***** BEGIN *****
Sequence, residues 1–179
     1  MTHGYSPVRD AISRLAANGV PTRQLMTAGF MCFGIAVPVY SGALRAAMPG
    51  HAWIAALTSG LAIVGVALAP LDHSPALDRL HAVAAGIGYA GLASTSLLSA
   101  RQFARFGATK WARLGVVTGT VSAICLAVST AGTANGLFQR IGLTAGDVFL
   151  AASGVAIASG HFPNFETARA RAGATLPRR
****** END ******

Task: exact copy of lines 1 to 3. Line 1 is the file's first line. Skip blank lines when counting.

Sequence, residues 1–179
     1  MTHGYSPVRD AISRLAANGV PTRQLMTAGF MCFGIAVPVY SGALRAAMPG
    51  HAWIAALTSG LAIVGVALAP LDHSPALDRL HAVAAGIGYA GLASTSLLSA